CoStar CEO Andy Florance says that his company has nothing to do with the ongoing bombshell buyer-side commissions trials currently rocking the U.S. real estate industry.
Asked about his company's possible involvement in the suits by HousingWire at the National Association of Realtors NXT convention in Anaheim, the longtime boss of the Washington-based data giant was effusive in his denial.
“We had zero involvement with that lawsuit. We learned about it from NAR long after it started.”
“We have 189,000 real estate clients who work with us. What moron would shoot themselves in the head by doing that? We had nothing to do with it at all, period. Anyone who says we were funding that is lying. As a public company, we’re a pretty open book.”
Several trials around buyer-side commissions threaten to fundamentally change the U.S. real estate industry and CoStar could perhaps be the biggest beneficiary.
At the end of November, the share prices of real estate portal operators Zillow and Redfin along with the prices of several major brokerages took a big hit as a Kansas City jury ruled that the NAR, HomeServicesofAmerica and Keller Willams were guilty of colluding to fix the commission paid to buyers' agents. CoStar's share price shot up.
In contrast to most markets around the world, for most U.S. property transactions both the seller and the buyer are represented by a real estate agent. Typically the two agents split the commission which is often between five and six percent of the value of the home with the home seller responsible for paying both agents.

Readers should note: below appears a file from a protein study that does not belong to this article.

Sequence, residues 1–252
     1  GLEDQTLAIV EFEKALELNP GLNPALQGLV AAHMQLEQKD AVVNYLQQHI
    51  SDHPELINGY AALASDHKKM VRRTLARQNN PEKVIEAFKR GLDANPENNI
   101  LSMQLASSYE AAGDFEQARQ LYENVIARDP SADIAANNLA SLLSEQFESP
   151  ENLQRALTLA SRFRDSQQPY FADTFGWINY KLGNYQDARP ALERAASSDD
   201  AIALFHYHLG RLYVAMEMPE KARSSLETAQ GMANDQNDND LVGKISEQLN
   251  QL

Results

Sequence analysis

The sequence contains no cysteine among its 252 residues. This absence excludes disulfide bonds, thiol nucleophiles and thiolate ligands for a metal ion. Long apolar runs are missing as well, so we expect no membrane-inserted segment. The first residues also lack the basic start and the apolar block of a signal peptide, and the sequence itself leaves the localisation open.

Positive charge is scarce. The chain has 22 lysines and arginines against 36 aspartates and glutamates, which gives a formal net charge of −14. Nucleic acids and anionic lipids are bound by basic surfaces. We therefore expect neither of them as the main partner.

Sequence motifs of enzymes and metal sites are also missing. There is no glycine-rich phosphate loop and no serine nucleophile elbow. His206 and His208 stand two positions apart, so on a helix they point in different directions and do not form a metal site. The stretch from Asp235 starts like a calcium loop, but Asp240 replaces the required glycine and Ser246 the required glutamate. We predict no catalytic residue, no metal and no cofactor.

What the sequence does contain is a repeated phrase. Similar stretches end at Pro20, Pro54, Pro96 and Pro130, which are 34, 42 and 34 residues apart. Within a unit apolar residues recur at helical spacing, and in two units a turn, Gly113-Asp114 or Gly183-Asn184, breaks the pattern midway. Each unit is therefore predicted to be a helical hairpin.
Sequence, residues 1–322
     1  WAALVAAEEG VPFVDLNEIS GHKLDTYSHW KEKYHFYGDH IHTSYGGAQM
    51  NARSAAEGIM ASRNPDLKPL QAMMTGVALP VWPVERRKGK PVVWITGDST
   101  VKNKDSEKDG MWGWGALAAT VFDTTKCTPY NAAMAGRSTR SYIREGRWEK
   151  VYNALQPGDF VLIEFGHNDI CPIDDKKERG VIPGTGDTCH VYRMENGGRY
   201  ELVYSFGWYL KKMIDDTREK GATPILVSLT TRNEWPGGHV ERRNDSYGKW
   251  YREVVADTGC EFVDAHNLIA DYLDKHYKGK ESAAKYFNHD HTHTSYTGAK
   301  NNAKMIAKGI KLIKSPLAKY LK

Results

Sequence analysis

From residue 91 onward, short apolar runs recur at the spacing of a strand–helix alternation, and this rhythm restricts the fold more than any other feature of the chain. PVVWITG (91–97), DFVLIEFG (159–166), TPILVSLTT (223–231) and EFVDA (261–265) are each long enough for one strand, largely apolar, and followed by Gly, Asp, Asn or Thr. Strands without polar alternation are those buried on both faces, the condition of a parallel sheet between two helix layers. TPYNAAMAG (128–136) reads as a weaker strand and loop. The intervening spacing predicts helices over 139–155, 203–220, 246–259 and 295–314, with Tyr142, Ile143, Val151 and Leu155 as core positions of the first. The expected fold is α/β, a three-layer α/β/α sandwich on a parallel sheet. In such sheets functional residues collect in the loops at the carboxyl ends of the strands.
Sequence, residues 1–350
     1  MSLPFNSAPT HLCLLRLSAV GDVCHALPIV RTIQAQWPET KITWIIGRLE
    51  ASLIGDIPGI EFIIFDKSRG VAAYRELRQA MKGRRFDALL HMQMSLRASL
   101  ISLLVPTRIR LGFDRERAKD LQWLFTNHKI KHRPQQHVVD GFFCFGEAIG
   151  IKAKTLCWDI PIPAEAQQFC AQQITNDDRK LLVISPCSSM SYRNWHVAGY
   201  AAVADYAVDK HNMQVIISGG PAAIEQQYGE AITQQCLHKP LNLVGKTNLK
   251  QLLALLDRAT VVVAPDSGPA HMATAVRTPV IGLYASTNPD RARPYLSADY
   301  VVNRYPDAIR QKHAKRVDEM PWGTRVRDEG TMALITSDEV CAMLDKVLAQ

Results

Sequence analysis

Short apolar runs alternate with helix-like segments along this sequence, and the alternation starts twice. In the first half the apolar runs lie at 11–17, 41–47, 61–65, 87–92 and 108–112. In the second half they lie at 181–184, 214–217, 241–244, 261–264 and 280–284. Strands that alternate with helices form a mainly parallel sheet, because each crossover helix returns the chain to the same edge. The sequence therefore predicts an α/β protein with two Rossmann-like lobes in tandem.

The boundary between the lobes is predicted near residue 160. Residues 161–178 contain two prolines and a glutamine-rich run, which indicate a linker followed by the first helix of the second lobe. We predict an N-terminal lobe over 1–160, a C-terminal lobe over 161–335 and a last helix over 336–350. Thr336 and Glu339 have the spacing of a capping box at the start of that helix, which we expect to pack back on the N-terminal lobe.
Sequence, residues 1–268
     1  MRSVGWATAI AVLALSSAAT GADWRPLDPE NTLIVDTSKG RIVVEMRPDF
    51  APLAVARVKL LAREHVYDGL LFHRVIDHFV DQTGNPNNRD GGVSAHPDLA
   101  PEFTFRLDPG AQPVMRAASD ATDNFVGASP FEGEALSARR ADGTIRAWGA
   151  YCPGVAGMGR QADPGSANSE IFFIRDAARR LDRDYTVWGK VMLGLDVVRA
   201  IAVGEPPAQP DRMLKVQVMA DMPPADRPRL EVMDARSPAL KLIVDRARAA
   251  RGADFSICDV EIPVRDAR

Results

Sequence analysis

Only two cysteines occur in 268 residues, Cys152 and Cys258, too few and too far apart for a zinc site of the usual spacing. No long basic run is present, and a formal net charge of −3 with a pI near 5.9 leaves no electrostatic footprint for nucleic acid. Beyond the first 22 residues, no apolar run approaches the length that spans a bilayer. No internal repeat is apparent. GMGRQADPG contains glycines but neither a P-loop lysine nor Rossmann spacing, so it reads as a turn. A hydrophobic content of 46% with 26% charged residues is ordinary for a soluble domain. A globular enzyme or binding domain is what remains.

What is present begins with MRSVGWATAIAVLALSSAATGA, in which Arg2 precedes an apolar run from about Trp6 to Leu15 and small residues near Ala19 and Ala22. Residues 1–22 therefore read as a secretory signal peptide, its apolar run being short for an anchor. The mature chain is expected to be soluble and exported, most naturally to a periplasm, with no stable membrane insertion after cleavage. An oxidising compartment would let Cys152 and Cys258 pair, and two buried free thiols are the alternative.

The National Association of Realtors (NAR) has a rule that requires all brokers to offer buyer-broker compensation when listing a property on an MLS. The suit claimed this has driven up costs to the seller and stifled competition.
Although there has been talk of an appeal against the Kansas City ruling (known as the Sitzer|Burnett case) there are now several other similar cases being brought against the NAR all while the agent association is going through leadership change.
It's not just the agent association and its members that are at risk from the upshot of any court case. Leading U.S. real estate portal Zillow could see its business model come under significant pressure if a ruling leads to government legislation restricting or banning buyer agent commissions.
Zillow's main Premier Agent product, which generates a very substantial percentage of the Seattle-based company's revenue, sees buyers' agents pay the portal for leads. On the other hand, CoStar's portal Homes.com primarily monetises listings in a similar way to portals in the rest of the world by charging listings agents for increased visibility on its results pages.
The fact that Homes.com's business model would not be affected by any ruling while its main rival's might well be was enough for HousingWire's journalist to at least put the question to Andy Florance.